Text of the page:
Mattingly, Kapler press conferences reflective of teams' paths in NL east

Photo credit: Lance Brozdowski

Photo credit: Lance Brozdowski

Don Mattingly sat down in the right corner of a Mandalay Bay conference room at 10 a.m. local time. His voice quiet as the floor opened for questions, each phrased in a way that skirted the Marlins ominous, albeit early, 2019 projections.

Gabe Kapler’s conference followed Mattingly’s, in the exact same spot with added reporters encircling the second-year manager. He arrived fashionably six minutes late—presumably due to a quick chat with Odubel Herrera’s agent as he disclosed during his 30-minute talk. He wore a black leather jacket with a black hooded sweatshirt underneath and faded jeans. The look contrasted Mattingly’s simple purple-checkered shirt with youthful vibrance. As did his tone of voice: louder than Mattingly’s, full of energy as he gave his perspective on Machado and others.

The two managers represent teams on paths with little in common. The Marlins are the second-worst team in baseball per Fangraphs’ current depth chart projections. The Phillies aren’t much better at 77 wins, but are a favorite to add a 4-plus-WAR piece to their lineup and possibly more. In a way, the tone and aesthetics of each press conference reflected the divergent paths each team is on as the new year approaches.

“I think you take a leap when two things happen,” Kapler said. “Number one, your young players develop. And number two, you add really good baseball players.”

Kapler praised both Harper and Machado as exceptional talents. His mantra through the press conference revolved around his interest and involvement in adding talent to the Phillies—an obvious statement for any manager. But given Kapler’s inability to predict the Phillies acquisitions, he turned the conversation to the importance of intangibles, a variable he has a strong history of citing.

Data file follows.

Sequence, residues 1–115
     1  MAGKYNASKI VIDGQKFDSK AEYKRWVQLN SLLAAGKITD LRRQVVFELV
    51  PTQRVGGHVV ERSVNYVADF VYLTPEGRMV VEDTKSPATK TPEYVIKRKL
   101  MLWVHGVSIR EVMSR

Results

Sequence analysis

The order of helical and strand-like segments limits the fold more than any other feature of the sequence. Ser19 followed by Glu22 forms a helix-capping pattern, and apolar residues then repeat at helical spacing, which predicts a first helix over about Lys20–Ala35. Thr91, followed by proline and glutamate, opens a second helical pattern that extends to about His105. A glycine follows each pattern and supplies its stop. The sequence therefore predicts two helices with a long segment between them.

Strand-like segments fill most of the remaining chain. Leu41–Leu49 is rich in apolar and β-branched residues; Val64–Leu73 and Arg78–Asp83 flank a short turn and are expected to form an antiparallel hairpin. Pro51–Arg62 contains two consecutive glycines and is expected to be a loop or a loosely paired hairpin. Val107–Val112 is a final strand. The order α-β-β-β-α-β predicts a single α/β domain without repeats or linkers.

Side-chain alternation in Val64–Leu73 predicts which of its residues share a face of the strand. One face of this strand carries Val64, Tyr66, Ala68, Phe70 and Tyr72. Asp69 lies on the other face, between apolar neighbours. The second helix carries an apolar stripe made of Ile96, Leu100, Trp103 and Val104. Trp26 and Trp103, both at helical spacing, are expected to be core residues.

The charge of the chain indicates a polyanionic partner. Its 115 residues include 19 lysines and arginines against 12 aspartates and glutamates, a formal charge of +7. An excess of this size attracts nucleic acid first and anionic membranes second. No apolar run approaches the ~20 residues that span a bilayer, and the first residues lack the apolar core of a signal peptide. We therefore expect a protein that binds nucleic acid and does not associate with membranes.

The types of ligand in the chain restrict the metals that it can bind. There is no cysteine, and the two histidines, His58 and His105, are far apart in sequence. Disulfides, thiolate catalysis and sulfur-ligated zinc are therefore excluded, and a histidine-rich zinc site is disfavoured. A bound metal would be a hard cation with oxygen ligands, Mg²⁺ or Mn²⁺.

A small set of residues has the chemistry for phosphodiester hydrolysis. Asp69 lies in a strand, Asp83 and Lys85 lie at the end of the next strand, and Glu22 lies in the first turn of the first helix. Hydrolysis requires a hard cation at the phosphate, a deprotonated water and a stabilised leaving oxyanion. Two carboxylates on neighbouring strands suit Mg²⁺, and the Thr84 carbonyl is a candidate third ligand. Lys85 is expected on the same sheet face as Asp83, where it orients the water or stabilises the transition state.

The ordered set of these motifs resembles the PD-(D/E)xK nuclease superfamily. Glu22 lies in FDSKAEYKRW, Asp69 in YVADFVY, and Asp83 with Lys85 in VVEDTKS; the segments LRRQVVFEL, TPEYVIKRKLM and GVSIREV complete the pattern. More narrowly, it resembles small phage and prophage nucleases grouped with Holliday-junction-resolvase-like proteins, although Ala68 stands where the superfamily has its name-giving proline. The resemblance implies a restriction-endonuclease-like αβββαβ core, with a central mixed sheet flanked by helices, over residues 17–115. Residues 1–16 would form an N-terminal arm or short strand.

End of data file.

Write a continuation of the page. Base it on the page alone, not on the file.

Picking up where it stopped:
He mentioned the organization’s ability to internally develop and acquire leadership, a parallel to his statements on how the Phillies can bring in talent. His centerpiece for internal leadership development is Rhys Hoskins, a player he explicitly stated is poised for a big step forward, something both the first baseman and the rest of the clubhouse knows.

Hoskins is expected to move back to first base for the start of 2019 after the Phillies shipped Carlos Santana and J.P. Crawford to the Seattle Mariners in a deal for Jean Segura. Kapler said Hoskins “immediately becomes more comfortable” at first base and went so far as to consider whether roaming the grass played a part in 2018 season slightly off pace from a stellar 50-game sample from Hoskins in 2017.

“I do think there is a psychological toll, I’m not sure what that psychological toll is, like it’s somewhere on the spectrum,” Kapler said. “But certainly if you’re stressing about one thing, perhaps you’re not able to be the best hitter you could be, this is all very subjective and super speculative.”